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A Biomechanical Analysis of Two Constructs for Metacarpal Fixation: Is Bigger Better or Is There Strength in Numbers?
Andre Cheah, MBBS, MBA1; Anthony Behn, MS2; Garet Comer, MD2; Jeffrey Yao, MD2
1National University Hospital, Singapore, Singapore; 2Stanford University, Redwood City, CA

Fixation of diaphyseal metacarpal fractures with cortical screws is a technique employed by many surgeons due to the implants low profile, biomechanical stability, and no need for removal. With each fracture a unique problem to solve, surgeons must decide the optimal construct to allow for stability and early range of motion. Frequently surgeons are confronted with a long oblique fracture that may either accommodate several small screws or fewer larger screws. We propose a biomechanical analysis of a metacarpal fracture model to determine whether three 1.5 mm cortical screws or two 2.0 mm cortical screws prove a more stable construct.

Materials and Methods
9 matched pairs of fresh frozen cadaveric upper limbs were used for this study. The second and third metacarpal was harvested from each of the pairs and a spiral fracture in each of the metacarpals. Specimens were then be divided into two groups. One group consisted of 18 specimens that underwent reduction and fixation with two 2.0 mm cortical lagged screws; the second group consisted of 18 specimens that underwent reduction and fixation with three 1.5 mm cortical lagged screws. Both groups were further divided into subgroups A and B with subgroup A undergoing torsional testing and subgroup B bending testing. Finally, all specimens were subject to torsional and bending load to failure, respectively. Statistical analysis with the paired Student's t-test were used to compare the results of each subgroups tests with a level of significance set a p <0.05.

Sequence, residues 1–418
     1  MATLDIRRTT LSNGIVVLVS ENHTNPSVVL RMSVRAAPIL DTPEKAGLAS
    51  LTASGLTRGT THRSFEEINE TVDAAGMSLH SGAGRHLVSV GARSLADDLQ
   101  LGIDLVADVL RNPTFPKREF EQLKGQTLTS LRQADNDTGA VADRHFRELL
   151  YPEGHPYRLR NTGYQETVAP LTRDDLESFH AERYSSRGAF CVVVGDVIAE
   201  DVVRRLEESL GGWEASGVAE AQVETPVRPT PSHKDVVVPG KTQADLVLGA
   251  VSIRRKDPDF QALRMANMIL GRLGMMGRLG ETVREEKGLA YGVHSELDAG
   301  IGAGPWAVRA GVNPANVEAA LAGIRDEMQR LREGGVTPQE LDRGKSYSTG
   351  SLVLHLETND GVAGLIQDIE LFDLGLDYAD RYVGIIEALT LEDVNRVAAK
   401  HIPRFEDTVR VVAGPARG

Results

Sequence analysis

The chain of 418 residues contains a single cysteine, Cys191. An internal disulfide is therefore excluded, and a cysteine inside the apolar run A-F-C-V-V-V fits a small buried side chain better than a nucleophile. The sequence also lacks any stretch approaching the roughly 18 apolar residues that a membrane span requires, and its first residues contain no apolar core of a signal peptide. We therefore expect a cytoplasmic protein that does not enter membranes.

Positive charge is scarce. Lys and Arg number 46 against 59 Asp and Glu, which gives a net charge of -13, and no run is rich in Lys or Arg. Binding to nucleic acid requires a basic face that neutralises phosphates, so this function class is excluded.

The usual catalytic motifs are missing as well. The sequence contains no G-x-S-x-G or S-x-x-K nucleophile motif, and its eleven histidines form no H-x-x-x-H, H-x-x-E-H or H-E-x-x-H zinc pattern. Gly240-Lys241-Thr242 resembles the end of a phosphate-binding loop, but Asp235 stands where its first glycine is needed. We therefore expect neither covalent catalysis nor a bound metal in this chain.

In cyclic torsional testing, the '2 screws' group exhibited significantly less rotational creep that the '3 screws' group. No other significant differences were found between the test groups. In the bending tests , there were no significant differences in any outcome parameters between the two groups, although the '2 screws' group exhibited slightly higher stiffness and less cyclic creep.

Based on this study, both constructs are biomechanically similar. In a clinical setting, it may be preferable to use two 2.0 mm cortical lagged screws when fixing spiral metacarpal fractures as there was significantly less loosening during torsional loading as well as a trend towards less loosening during bending loading. In addition, using two screws may be advantages due to the cost of an additional screw in the '3 screws' construct without an obvious biomechanical advantage.

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